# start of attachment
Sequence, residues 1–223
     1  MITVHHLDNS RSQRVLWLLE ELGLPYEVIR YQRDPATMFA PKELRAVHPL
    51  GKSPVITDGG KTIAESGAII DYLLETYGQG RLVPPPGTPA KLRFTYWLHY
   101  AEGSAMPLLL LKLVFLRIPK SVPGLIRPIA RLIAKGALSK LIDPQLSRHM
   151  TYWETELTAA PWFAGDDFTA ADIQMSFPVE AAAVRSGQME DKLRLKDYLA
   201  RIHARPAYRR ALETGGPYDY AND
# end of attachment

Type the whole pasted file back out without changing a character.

Sequence, residues 1–223
     1  MITVHHLDNS RSQRVLWLLE ELGLPYEVIR YQRDPATMFA PKELRAVHPL
    51  GKSPVITDGG KTIAESGAII DYLLETYGQG RLVPPPGTPA KLRFTYWLHY
   101  AEGSAMPLLL LKLVFLRIPK SVPGLIRPIA RLIAKGALSK LIDPQLSRHM
   151  TYWETELTAA PWFAGDDFTA ADIQMSFPVE AAAVRSGQME DKLRLKDYLA
   201  RIHARPAYRR ALETGGPYDY AND